Jakarta is now directly connected to Australia and the United States via submarine cable system

Jakarta is now directly connected to Australia and the United States via submarine cable system

First, the Australia-Singapore Cable (ASC) is a 4,600-kilometer submarine cable system that connects Perth, Australia, to Singapore via Jakarta, Indonesia, and Christmas Island, offering Western Australia's first 100Gbps high-speed connection to Southeast Asia.

The ASC cable system is made up of four fiber pairs that use 100*100Gbps DWDM technology for a total system capacity of 40Tbps, which may be upgraded to 60Tbps. Alcatel Submarine Network provides the ASC system (ASN).

Nextgen Networks and Vocus together established the Australia Singapore Cable (ASC) project, which is a 50/50 joint venture.

Vocus Communications completed the acquisition of Nextgen Networks in April 2017 and now owns 100% of the ASC.

XL Axiata, an Indonesian telecommunications company, is ASC's landing partner in Jakarta and Christmas Island. For ASC's Singapore landing, Australia-Singapore Cable (Singapore) Pte Ltd holds a Facilities-Based Operations (FBO) license. The cable is landed at Shenton Park Cable Landing Station in Perth by Vocus (Shenton Park CLS, also known as Equinix PE2).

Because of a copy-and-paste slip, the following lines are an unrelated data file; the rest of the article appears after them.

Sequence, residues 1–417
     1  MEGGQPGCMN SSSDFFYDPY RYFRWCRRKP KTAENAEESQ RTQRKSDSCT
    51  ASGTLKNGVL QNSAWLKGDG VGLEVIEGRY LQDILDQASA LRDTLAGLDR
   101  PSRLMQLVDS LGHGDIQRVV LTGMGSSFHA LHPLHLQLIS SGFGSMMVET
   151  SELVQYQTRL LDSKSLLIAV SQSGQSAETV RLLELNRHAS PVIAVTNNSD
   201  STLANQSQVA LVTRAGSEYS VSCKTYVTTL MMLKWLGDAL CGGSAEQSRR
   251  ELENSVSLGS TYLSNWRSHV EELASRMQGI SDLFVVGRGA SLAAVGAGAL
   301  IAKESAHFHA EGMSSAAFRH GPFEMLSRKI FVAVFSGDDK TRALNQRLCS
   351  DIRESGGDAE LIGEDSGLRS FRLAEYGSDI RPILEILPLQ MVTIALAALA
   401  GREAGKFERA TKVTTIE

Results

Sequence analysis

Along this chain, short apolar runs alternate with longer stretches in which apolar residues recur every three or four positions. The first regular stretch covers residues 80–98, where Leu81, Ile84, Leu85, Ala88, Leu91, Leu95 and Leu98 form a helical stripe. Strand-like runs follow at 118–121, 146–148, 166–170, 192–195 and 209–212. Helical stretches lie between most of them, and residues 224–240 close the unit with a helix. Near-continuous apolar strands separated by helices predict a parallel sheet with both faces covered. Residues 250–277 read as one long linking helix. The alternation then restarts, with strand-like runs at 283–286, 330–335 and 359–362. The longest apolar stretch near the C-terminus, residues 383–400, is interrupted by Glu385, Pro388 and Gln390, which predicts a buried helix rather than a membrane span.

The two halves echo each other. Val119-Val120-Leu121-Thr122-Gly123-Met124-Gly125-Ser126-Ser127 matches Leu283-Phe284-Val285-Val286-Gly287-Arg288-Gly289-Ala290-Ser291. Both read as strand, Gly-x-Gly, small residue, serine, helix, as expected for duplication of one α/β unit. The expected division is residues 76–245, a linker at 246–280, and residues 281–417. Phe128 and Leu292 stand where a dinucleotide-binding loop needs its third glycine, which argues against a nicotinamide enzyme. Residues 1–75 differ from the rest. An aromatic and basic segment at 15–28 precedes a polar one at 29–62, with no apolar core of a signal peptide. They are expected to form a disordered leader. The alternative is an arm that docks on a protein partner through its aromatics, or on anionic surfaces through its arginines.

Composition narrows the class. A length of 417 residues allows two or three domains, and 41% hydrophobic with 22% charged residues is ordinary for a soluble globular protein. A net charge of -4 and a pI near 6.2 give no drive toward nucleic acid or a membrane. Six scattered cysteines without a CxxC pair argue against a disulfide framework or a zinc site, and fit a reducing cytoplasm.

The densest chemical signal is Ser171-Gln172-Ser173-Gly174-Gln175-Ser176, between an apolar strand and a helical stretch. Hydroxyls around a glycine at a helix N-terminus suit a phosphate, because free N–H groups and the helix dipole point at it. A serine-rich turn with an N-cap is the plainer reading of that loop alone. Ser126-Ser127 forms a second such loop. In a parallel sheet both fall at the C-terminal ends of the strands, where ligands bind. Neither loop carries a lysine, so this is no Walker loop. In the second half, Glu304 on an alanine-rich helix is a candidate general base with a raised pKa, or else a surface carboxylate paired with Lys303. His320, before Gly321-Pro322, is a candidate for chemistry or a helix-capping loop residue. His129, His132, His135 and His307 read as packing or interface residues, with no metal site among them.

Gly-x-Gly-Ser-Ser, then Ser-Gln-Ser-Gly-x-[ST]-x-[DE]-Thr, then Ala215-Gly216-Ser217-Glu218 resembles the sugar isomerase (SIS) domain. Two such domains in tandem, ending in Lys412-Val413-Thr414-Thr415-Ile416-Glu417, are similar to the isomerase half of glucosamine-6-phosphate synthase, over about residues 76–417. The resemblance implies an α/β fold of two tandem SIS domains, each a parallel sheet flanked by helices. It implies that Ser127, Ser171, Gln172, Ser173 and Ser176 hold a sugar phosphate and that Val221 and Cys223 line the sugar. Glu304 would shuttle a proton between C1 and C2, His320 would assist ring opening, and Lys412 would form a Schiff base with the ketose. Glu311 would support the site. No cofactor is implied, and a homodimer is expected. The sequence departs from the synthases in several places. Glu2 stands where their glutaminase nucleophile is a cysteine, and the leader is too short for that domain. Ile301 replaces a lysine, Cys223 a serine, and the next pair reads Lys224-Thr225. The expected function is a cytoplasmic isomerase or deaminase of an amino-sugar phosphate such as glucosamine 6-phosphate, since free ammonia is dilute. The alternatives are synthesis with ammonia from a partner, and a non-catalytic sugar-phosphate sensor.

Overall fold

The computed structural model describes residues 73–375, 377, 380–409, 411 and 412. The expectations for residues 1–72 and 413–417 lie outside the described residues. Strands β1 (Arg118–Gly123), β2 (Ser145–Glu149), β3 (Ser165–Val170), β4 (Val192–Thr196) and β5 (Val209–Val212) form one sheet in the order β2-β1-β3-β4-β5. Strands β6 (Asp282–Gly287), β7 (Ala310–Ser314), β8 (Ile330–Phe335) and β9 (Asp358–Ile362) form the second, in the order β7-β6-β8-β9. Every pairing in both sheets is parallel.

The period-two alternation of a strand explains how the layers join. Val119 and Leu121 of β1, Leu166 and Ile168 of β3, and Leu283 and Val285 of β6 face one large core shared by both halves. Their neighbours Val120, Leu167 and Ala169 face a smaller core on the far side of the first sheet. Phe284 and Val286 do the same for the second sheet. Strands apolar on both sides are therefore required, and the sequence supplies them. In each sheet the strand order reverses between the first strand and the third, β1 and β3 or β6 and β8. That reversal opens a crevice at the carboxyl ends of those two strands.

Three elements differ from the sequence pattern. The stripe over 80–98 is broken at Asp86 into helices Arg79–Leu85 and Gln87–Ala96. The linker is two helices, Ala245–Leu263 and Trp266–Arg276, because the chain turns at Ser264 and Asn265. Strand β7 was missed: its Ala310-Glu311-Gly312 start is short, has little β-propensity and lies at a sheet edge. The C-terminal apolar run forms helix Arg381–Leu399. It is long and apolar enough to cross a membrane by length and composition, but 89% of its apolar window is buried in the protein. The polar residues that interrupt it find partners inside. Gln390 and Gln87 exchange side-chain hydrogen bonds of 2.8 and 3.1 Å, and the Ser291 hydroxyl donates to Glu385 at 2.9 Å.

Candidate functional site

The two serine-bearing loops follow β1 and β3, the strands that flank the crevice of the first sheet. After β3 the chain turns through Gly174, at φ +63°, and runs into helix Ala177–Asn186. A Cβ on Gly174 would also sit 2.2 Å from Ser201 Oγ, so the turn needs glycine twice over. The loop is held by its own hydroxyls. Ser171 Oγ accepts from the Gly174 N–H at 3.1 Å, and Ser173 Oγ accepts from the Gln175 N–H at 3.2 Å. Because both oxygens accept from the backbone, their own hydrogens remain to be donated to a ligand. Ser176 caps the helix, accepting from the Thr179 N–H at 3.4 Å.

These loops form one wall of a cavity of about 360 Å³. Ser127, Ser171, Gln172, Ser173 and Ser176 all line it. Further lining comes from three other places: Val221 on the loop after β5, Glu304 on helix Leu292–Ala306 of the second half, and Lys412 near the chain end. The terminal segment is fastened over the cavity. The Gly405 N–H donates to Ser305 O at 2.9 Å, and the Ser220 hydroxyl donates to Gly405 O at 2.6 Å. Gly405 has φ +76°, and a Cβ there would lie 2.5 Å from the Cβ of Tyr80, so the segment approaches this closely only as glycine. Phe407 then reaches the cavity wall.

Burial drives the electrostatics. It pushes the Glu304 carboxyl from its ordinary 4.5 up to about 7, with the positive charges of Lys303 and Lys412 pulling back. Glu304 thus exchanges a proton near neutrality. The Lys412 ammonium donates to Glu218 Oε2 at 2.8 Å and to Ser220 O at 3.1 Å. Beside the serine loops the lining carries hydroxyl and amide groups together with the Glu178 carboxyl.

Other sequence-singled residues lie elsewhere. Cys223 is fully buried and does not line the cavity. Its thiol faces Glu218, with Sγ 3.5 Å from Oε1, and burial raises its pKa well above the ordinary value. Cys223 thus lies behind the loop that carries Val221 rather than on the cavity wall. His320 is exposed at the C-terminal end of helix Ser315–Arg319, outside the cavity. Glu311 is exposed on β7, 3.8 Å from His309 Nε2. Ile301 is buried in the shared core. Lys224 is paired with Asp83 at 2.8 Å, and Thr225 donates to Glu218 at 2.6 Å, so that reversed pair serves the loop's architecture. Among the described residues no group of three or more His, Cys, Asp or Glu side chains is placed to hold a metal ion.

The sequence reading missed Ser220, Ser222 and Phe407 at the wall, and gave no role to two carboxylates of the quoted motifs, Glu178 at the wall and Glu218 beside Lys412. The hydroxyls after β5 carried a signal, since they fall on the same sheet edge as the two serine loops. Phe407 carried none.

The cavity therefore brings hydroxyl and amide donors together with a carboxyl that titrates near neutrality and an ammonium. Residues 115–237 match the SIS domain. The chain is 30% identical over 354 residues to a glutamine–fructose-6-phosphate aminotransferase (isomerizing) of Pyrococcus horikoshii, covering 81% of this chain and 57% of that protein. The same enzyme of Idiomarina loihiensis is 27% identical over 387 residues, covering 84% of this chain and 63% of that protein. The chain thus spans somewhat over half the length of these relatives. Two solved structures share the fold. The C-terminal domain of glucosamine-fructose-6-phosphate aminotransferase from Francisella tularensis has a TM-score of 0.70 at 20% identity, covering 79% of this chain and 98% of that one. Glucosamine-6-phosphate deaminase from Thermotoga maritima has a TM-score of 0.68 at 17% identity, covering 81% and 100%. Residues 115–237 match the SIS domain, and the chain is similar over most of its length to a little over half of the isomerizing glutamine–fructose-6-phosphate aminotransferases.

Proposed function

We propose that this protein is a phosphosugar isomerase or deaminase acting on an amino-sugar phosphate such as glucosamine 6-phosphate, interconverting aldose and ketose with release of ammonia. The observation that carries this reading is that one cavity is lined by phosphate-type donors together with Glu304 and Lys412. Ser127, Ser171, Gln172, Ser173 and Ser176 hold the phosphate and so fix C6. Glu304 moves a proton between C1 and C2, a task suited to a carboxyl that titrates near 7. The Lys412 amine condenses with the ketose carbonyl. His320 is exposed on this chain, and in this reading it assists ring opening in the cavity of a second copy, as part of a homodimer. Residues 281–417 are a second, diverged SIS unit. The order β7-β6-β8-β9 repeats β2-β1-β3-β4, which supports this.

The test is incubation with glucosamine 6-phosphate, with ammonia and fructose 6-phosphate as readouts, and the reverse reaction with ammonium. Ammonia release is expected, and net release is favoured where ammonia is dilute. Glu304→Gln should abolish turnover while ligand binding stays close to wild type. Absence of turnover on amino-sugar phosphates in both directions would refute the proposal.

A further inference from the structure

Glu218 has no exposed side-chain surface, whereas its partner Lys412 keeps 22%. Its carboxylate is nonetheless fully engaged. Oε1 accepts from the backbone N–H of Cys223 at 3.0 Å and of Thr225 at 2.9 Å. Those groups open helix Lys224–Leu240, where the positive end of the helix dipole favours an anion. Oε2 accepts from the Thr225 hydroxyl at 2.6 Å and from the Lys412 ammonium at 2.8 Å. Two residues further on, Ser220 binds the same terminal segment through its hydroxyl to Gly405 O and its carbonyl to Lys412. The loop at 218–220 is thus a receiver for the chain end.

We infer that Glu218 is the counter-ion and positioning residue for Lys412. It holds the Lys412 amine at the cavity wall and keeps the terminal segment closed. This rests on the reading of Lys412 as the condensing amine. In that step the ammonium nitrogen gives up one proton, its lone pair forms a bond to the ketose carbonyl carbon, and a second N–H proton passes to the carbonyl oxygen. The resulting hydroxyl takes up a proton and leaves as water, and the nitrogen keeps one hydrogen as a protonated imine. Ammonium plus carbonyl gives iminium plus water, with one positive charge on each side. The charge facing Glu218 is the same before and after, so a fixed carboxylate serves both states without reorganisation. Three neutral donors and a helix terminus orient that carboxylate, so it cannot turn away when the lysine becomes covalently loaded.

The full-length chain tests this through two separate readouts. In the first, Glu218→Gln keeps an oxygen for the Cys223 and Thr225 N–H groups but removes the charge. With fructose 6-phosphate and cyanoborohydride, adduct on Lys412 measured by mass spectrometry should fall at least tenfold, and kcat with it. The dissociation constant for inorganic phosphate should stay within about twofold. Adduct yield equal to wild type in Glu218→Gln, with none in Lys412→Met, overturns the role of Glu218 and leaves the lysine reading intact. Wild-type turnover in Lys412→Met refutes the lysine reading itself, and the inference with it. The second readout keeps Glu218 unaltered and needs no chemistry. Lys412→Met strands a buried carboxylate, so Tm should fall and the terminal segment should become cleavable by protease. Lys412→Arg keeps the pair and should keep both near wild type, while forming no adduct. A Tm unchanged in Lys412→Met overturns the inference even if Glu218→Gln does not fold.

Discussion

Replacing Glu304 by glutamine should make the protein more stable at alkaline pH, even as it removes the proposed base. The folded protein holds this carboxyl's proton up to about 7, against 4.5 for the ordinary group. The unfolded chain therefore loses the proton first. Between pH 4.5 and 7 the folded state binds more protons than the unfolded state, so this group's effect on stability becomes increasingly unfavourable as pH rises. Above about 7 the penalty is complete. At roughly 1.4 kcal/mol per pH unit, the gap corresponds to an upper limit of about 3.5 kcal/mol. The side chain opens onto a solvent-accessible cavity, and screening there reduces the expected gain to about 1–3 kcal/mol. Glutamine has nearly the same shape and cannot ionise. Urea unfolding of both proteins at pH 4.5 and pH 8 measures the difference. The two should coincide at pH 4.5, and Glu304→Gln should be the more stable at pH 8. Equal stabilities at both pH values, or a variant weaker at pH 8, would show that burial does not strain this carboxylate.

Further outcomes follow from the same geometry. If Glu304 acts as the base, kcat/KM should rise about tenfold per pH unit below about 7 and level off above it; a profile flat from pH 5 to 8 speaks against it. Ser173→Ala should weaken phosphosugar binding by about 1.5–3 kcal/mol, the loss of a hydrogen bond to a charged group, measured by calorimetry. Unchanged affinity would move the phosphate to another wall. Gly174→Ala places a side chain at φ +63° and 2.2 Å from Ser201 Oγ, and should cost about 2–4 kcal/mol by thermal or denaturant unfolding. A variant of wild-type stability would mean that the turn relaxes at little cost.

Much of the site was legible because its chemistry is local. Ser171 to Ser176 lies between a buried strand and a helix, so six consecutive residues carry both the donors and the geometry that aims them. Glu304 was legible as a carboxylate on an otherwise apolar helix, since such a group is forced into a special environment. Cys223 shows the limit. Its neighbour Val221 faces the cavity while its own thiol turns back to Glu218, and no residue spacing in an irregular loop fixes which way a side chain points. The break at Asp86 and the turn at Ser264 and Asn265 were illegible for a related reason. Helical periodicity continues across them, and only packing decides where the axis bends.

Aside from that, Indonesian telecom Indosat Ooredoo Hutchison and independent cable builder and operator Inligo Networks have signed an agreement to develop an 18,000-kilometer submarine cable connecting Indonesia, Singapore, Australia, Japan, and the United States.

The Networks Asia Connect Cable System (ACC-1) will have a capacity of 240 terabits per second, with 40 fibers transmitting 40 frequencies each. 

Its intended itinerary will pass through five Indonesian cities, including Batam, Singapore, Darwin, Timor Leste, and Tokyo, before ending in Los Angeles and Portland, Oregon, with a layover on the US-controlled island of Guam.

Hutchison and Ooredoo announced plans to merge their companies in 2020.

The united corporation has demonstrated the benefits of its combined might: the ability to devote hundreds of millions of dollars to this underwater cable, as well as a strategy to use it for consumer and corporate connectivity. 

Those services are likely to aid the company in gaining market share as it competes with PT Telkom, the current market leader.

Indonesia's government is all-in on digital, with communications minister Johnny Plate recently expressing his aim for the country to become a regional hub for underwater cables.

Johnny Plate got what he wanted. Australia did as well, with governments at all levels aiming to connect Darwin to the rest of the world. 

Inligo is constructing a terrestrial network connecting the rest of Australia to Darwin, claiming that once ACC-1 and the trans-Australia link are both operational, the connection will provide Australia's lowest-latency connection to Southeast Asia.

And the cable's construction is planned to begin this year, with full operation projected in 2024.



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